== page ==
Puigdemont may seek ‘symbolic’ leadership role in Catalonia

Secessionist parties meet to discuss deal to put new Catalan president in place

Pro-independence parties are attempting to negotiate a deal to ensure the investiture of a new Catalan president, with Carles Puigdemont determined to return to the post, possibly in a symbolic role, despite his self-imposed exile in Belgium.

Mr Puigdemont has been meeting in Brussels in recent days with representatives of secessionist parties with a view to overcoming the tensions that were highlighted last week when his scheduled investiture session was postponed.

The speaker of parliament, Roger Torrent of the Catalan Republican Left (ERC), declared the postponement, citing a lack of legal guarantees. Mr Puigdemont is wanted in Spain to face charges of sedition and rebellion and would face arrest if he returned, while the constitutional court has said he cannot be sworn in as president from afar.

Mr Torrent’s decision sparked acrimony between Mr Puigdemont’s allies and the ERC, whose support for his bid to become president had already started to waver.


But, since Sunday, members of ERC, his own Catalan Democratic Party (PDeCat) and the anti-capitalist Popular Unity Candidacy (CUP) have met with Mr Puigdemont. Together, the three parties form a narrow majority in the Catalan parliament.

Parallel ceremony

The proposal being discussed suggests putting forward a new candidate, who does not face legal action, to go through the investiture procedure and hold the presidential post in the Catalan capital, Barcelona. However, Mr Puigdemont, whom the Spanish government ousted as president in October, would be sworn in at a parallel ceremony in Brussels that would make him the symbolic leader of the region, albeit with some “executive” powers.

If successful, this plan would avoid the need for a repeat of the regional election.

ERC spokesman Sergi Sabrià said on Monday that the pro-independence parties were “closer to what we all want”. Sunday marked 100 days since Madrid introduced direct rule by triggering article 155 of the constitution, and Mr Sabrià said the proposed investiture formula would force the Spanish government to return Catalonia’s devolved powers.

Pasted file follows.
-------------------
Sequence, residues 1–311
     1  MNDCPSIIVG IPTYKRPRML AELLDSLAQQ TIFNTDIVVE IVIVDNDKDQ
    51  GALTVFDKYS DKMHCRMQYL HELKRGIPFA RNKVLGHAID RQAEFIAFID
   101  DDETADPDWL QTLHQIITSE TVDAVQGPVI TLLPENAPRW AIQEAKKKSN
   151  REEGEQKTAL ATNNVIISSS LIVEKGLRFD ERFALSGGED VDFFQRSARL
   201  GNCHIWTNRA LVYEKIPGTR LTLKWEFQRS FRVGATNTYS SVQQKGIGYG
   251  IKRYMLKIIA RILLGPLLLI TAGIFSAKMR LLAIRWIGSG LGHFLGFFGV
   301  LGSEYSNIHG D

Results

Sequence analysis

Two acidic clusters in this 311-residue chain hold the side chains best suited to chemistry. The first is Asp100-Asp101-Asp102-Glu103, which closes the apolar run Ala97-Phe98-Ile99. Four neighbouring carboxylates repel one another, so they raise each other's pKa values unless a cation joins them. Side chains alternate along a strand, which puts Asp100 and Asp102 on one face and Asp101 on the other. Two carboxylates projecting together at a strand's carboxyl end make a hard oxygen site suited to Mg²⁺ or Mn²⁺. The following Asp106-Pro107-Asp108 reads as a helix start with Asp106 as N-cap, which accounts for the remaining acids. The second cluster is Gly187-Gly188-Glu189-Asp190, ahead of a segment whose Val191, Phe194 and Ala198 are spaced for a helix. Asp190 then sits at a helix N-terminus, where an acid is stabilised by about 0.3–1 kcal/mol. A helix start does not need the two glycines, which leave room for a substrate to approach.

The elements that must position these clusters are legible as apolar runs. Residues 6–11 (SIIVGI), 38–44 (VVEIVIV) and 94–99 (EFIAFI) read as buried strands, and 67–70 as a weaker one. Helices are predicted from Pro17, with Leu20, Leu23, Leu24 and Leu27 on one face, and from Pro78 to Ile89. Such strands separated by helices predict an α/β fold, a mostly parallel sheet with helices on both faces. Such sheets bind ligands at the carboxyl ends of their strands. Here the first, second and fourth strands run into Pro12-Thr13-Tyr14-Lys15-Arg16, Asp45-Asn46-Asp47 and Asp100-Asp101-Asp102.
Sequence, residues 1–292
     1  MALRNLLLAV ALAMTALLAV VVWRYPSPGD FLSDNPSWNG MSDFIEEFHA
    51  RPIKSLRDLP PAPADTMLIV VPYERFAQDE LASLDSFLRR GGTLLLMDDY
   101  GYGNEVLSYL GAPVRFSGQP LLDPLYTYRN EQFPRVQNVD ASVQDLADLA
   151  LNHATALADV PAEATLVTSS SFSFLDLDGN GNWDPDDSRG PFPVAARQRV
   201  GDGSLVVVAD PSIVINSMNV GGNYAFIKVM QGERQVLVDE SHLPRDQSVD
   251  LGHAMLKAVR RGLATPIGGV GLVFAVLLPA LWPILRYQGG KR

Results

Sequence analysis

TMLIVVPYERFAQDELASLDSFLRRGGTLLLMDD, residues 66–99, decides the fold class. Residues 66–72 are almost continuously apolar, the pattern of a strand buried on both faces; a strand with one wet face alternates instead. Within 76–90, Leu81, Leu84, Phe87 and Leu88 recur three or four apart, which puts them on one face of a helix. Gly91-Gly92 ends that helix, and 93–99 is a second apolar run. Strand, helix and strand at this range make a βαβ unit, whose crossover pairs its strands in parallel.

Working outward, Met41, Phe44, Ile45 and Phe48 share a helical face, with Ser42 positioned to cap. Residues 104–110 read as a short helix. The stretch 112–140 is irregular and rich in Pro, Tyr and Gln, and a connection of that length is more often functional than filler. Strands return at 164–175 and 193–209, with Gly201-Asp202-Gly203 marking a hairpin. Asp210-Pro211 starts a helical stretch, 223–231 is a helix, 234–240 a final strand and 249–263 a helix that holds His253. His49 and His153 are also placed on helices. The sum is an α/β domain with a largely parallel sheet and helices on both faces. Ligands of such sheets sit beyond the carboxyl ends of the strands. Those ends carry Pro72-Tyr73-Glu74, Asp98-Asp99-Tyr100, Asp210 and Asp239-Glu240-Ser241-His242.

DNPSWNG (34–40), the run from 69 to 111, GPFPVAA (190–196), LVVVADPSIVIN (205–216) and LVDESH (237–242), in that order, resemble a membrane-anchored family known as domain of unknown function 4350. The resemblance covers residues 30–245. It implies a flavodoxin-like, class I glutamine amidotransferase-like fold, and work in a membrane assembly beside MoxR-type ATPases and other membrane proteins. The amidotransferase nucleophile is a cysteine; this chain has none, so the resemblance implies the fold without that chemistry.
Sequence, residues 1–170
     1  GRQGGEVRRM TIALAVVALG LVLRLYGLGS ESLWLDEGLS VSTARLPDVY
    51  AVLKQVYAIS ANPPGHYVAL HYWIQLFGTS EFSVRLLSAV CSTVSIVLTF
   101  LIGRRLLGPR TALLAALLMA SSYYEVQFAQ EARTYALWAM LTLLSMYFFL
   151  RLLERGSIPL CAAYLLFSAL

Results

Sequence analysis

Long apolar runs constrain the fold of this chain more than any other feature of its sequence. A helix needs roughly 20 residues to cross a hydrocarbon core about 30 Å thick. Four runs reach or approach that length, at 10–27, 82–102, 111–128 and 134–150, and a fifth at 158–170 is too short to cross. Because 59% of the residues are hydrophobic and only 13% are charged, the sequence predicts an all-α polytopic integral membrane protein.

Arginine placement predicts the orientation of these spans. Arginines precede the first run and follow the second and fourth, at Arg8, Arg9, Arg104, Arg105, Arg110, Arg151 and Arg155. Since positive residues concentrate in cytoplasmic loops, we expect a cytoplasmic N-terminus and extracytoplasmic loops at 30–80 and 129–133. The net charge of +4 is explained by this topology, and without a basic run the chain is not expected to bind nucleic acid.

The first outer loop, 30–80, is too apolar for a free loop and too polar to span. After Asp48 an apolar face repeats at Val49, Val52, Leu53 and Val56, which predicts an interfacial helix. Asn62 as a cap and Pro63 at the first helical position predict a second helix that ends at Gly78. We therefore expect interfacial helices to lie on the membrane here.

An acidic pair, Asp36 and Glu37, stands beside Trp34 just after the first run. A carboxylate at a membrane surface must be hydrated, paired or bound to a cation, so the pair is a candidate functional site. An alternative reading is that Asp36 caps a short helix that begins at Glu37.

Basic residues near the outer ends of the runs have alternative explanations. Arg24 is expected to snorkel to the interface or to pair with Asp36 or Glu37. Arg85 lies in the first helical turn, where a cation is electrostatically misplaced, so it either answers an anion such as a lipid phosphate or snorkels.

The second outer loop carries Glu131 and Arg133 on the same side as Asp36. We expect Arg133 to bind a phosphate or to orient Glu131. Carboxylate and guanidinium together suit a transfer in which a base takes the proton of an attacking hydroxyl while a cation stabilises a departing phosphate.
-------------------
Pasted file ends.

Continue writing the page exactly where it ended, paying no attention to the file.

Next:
“This sounds good to us because it gives full recognition to the legitimate government in Brussels and it’s compatible with the end of article 155, the reinstatement of Puigdemont and the formation of a government,” he said.

Unionist parties were dismissive. Eva Granados, of the Catalan Socialist Party, said the proposal “demeans the self-governing institutions of this country”.

However, with the new secessionist initiative designed to sidestep the kind of legal action that has until now hampered the independence movement, it is not clear how the Spanish government would respond.

Legislature in limbo

With the Catalan legislature in limbo, Spain’s governing Popular Party (PP) has called on the unionist party Ciudadanos, which came first in December’s election, to try to form a government, although it appears to lack the necessary parliamentary support. The PP’s Fernando Martínez-Maillo said Ciudadanos’s leader in Catalonia, Inés Arrimadas, had behaved like “a statue” since the election.

In the meantime, the supreme court's investigation into alleged rebellion and sedition by the former Catalan government and several of its allies continues. A now famous Moleskine notebook, reportedly containing detailed notes on the planned creation of an independent Catalan state and belonging to former regional government official Josep Maria Jové, has been admitted as evidence in the case, according to La Vanguardia newspaper.

Guy Hedgecoe

Guy Hedgecoe

Guy Hedgecoe is a contributor to The Irish Times based in Spain